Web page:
For millions of children across the globe, playing professional football in the English Premier League remains the ultimate goal. With money pouring into the English game and at an exponential rate, the elite clubs now possess scouting networks which can discover any young talent, from every corner of the earth. In fact, clubs like Chelsea have since ran into trouble by using this method of player recruitment so much.
In 2017, the Premier League had the highest percentage of foreign players of any European League which was an obvious worry for the England manager Gareth Southgate.
So, you’d be forgiven for thinking that the old fashion, ‘rag to riches’ route of non-league part timer to Premier League football star is a thing of the past. But you’d be wrong.
Of course, Jamie Vardy’s remarkable rise from Stockbridge Park Steels to Leicester City and England is the most documented example. Vardy had a deadly scoring record in non-league football scoring just under a goal per game for Halifax Town and Fleetwood Town before securing a non-league record transfer to then Championship side Leicester City for £1 million. He since has become an England international and right now it’s hard to argue that he’s the most in-form striker in the Premier League with eleven league goals this campaign.
But Vardy is not alone in climbing the football pyramid from base to summit. Troy Deeney, Charlie Austin and Chris Smalling are just a few who have made the same journey and are now plying their trades in top divisions across Europe.
So, with all this money sloshing around and foreign managers dominating the Premier League hotseats, are these clubs in fact neglecting local, homegrown talent and missing the ‘diamonds in the rough’ lurking down the divisions?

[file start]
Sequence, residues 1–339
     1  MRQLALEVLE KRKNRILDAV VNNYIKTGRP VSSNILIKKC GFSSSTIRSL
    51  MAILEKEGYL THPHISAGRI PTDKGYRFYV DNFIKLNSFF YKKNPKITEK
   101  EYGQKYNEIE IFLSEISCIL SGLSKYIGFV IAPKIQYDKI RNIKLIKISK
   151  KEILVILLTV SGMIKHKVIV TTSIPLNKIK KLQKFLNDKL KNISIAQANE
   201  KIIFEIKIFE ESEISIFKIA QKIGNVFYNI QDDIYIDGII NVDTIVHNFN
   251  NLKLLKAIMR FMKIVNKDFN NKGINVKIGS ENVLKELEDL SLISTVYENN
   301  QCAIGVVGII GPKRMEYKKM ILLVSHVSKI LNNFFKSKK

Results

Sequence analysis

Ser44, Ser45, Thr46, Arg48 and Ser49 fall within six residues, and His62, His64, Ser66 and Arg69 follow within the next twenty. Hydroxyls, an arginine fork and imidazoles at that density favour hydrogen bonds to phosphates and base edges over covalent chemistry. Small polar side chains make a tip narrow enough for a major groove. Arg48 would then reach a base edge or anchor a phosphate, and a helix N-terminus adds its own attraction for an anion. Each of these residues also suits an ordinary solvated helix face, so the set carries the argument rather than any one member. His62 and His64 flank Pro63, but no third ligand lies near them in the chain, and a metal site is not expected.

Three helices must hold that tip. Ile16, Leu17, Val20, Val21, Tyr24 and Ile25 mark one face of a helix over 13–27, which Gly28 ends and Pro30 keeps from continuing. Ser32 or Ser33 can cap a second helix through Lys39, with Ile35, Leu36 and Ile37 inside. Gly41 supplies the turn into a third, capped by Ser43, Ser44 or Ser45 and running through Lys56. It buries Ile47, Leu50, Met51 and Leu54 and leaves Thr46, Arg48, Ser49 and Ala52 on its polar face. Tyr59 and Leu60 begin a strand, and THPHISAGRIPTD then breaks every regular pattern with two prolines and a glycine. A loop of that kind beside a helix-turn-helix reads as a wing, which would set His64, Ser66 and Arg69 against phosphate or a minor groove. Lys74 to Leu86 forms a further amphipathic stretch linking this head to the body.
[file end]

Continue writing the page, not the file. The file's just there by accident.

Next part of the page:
I’ve recognised the amount of non-league players transferring to Football League clubs is increasing. I’ve played against many of them. Managers in the Football League now are realising that players from non-league are honest, hungry and experienced in playing men’s football. Three vital attributes that managers want. I’ve never been a big believer of the U23’s leagues which are meant to mould elite young players into becoming professionals. Matches are often slow, lack competitiveness and a hard watch. Admittedly, they can help the young, potential superstars develop and the teams offer mirror their first team counterparts, but the cold reality is that very few youngsters at these Premier League clubs ever make their debuts.
It’s a stark contrast when looking at the top of the non-league pyramid. The matches are fast and furious. Yes, the style of matches may be less aesthetically pleasing to the football purist, but passion and full commitment are always apparent.
So, what am I suggesting? It’s a double-edged sword. I think there has never been a better time to be playing non-league football. If you consistently play well and impress, then there is ample chance you’ll get the offer to play higher and turn professional. Some players receive this opportunity but decide to remain part-time rather than become a full-time professional.
It’s understandable because a player can often earn more money for his/her family if they play non-league football and have a regular day job. But I would implore players to take a chance and become the best player you can be.
On the other hand, if you’re a young professional in the Football League, sitting on the bench for the first team or playing in the 23’s league every week, I would strongly suggest you go on loan to a lower league side. Play adult football, play in front of passionate non-league crowds and fight for the three points every week which means so much to them.
When at Wycombe Wanderer’s I often sat on the bench as a youngster getting thirty minutes here and the odd start there. I would often make good impacts but overall it was very difficult to play my best football because I was never in a rhythm. I was twenty-four years old when I played my first full season (fifty plus games for Hampton & Richmond). It was the most enjoyable season I had had albeit and a lower level than Wycombe. I learnt a huge amount and played some of my best football. But looking back, I probably left it too late. Don’t make the same mistake I did. Go play week in, week out and enjoy your football!